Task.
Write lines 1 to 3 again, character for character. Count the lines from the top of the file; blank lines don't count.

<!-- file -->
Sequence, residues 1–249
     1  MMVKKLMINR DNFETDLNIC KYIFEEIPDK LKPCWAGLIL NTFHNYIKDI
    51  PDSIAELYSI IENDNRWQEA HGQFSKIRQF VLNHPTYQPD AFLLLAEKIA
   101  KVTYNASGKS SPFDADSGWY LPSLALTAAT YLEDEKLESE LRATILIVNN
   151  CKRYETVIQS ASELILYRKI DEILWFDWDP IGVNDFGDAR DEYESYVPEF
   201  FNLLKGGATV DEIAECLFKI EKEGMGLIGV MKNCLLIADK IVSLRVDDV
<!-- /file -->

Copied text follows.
Sequence, residues 1–249
     1  MMVKKLMINR DNFETDLNIC KYIFEEIPDK LKPCWAGLIL NTFHNYIKDI
    51  PDSIAELYSI IENDNRWQEA HGQFSKIRQF VLNHPTYQPD AFLLLAEKIA